Doing Business with Rights Violating Regimes Corporate Social Responsibility and Myanmar’s Military Junta

Journal of Business Ethics 61 (4):329 - 342 (2005)
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Abstract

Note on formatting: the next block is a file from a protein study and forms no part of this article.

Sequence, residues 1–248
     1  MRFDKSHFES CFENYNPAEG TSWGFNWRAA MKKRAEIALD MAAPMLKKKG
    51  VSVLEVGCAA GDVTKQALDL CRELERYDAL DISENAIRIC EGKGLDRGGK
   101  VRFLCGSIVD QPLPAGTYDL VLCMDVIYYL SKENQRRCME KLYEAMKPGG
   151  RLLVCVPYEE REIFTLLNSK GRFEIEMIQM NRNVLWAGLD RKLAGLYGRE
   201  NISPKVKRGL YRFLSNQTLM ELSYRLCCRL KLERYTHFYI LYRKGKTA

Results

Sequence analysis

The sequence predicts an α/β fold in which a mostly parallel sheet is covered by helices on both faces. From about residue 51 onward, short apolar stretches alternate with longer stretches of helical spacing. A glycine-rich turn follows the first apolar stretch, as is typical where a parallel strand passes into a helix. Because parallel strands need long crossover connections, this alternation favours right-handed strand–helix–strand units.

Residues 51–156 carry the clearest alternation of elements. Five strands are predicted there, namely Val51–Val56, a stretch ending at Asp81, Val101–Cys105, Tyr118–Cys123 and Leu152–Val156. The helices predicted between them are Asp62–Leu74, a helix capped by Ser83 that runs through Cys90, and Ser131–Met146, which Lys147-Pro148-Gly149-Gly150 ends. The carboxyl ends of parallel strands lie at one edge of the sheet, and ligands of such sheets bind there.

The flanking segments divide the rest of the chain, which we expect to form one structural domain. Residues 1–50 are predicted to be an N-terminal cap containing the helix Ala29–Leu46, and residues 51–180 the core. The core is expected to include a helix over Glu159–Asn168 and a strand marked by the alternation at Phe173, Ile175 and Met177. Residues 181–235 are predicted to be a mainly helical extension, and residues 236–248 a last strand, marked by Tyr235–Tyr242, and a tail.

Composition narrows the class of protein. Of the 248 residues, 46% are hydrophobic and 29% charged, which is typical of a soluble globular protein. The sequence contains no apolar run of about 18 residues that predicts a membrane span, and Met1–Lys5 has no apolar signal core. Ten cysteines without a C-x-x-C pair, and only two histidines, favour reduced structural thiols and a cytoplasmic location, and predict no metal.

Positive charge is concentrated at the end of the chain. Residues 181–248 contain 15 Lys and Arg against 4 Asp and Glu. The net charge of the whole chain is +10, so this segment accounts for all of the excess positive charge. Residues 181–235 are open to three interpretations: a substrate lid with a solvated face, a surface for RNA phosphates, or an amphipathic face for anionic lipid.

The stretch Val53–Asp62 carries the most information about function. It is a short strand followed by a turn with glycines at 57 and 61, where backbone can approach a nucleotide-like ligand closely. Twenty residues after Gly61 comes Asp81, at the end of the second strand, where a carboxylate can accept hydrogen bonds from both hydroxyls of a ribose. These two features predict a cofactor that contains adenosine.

Whether to do business with rights violating regimes is one of many dilemmas faced by socially responsible corporations. In this article the difficult case of Myanmar is considered. Ruled for decades by a closed and sometimes brutal military elite, the country has long been subject to informal and formal sanctions. However, as sanctions have failed to trigger political reform, it is necessary to review the policy options. The focus here is on the contribution socially responsible corporations might make to change. The article sketches contextual features of the case, examines the recent history and present pattern of business links with Myanmar, and assesses whether current approaches can stimulate reform. Concluding that they cannot, it considers fresh possibilities for corporate engagement. The argument is that socially responsible corporations, committed to improving individual life chances through engagement with developing societies, should undertake collaborative and principled direct investment in Myanmar. The underlying strategy and problems of codification and implementation are all analyzed. To close, the article contends that, by doing business with Myanmar’s rights violating regime, multinational corporations can extend the frontiers of global corporate social responsibility.

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